Experiment II: Female reproductive success and maternal effects

To assess the possible implications of “tail” autotomy on the reproductive success of females, we used females from the previous experiment that successfully received a spermatophore during courtship (both from intact and autotomized males). We also included 9 additional females that were not used in the previous experiment, but that were paired with intact males following the same protocol described above. Because the females used in our experiments were collected in the field, we have no control on their previous pregnancy history. However, we reared females in the laboratory, from the last nymphal stage to their death, and detected that the tegument coloration of young adult females is lighter than that of older adult females (figure 1A,B). Using tegument coloration, we divided experimental females into two age categories: (a) young (n = 12), comprising 7 virgin females reared in the laboratory since they were nymphs, and 5 widecaught females that were between 1 to 3 months old and were unlikely to have produced a first litter, and (b) old (n = 37), comprising 29 females that produced a first litter in the laboratory before the experiment (when they were at least 8-10 months old), and 8 widecaught females that almost certainly produced a first litter in the field and were at least 7-8 months old when they were used in the experiment. Very old females, i.e., those showing the darkest tegument coloration and damages in the stinger, pedipalps, or pectens, were not included in the experiment. We equally split young and old adult females into two experimental groups: intact (n = 25) and autotomized (n = 24). This procedure ensured that a similar number of females in each experimental group would give birth to the first or second litter.

To induce “tail” autotomy in females we followed the same protocol described in the experiment with males. Contrary to males, however, we autotomized females only after mating because we were interested in the effect of autotomy on offspring development and not on the mating success of females, which are never rejected by the males once the courtship process has begun (Polis and Sissom 1990; see also Peretti and Carrera 2005 and references therein). Moreover, considering that the females used here are the same used in the previous experiment, the lack of the “tail” in females during the courtship process could interfere with their receptivity and consequently with males’ behavior. Thus, we would be unable to disentangle the effects of male autotomy and other variables that could influence the response variable ‘courtship duration’.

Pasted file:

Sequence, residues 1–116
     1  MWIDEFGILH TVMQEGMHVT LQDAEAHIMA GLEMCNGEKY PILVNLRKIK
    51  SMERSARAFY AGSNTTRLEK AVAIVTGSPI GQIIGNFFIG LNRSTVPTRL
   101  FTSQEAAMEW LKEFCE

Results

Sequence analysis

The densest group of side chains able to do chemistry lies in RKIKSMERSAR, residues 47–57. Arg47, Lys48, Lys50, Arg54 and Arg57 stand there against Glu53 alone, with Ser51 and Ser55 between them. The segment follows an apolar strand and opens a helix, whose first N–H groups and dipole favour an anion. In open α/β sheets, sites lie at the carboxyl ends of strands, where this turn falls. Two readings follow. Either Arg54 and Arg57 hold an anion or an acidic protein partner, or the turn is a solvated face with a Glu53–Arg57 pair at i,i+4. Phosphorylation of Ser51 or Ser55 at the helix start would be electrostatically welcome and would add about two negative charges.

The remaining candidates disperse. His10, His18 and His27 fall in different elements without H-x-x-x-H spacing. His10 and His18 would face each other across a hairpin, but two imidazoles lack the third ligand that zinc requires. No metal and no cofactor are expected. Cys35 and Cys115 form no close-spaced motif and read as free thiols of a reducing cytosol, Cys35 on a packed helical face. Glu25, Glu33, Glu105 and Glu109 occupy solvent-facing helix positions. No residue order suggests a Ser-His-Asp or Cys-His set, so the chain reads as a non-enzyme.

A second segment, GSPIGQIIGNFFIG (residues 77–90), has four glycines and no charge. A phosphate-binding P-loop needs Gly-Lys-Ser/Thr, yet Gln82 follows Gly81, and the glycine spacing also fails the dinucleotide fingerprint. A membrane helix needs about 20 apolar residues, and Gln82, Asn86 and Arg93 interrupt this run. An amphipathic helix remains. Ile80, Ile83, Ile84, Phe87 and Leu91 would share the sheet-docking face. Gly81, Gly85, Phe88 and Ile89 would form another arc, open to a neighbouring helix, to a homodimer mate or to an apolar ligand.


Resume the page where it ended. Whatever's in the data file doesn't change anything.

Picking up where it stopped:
After mating, all females were maintained individually in plastic containers with sand as substrate, wet cotton, and a dry leave to provide shelter. We inspected the females at 3 day-intervals during the entire period of experiment to record if they were alive and if they gave birth to the nymphs. We estimated female reproductive success using three measures: (1) female survival until offspring dispersion, i.e., the probability of a female remaining alive until her offspring is independent from maternal care, which occurs 4-5 months after mating and two weeks after offspring birth; (2) offspring number, which is the mean number of nymphs produced by the females (figure 1D); and (3) female fitness, which is the mean number of nymphs produced by the females (including those that died before giving birth) and that survived until dispersion. We stress that if a female dies before giving birth, the offspring number produced is zero. If a female dies after giving birth, but before nymphs disperse from her dorsum, the offspring does not survive, probably because the nymphs, which are overly sensitive to dehydration, need to absorb water directly through the mother’s cuticle (Vannini et al. 1985). The nymphs produced by these females (n = 3) were used to estimate offspring number, but to estimate fitness we considered that they left no offspring because the nymphs did not survive until dispersion.

Finally, we estimated maternal effects using two measures: (1) offspring mass, which is the mean weight of all second instar nymphs of each litter; and (2) offspring size, which is the cephalothorax width of all second instar nymphs of each litter. The size of the nymphs was measured from digital photos using the software ImageJ (Schneider et al. 2012).

Data analysis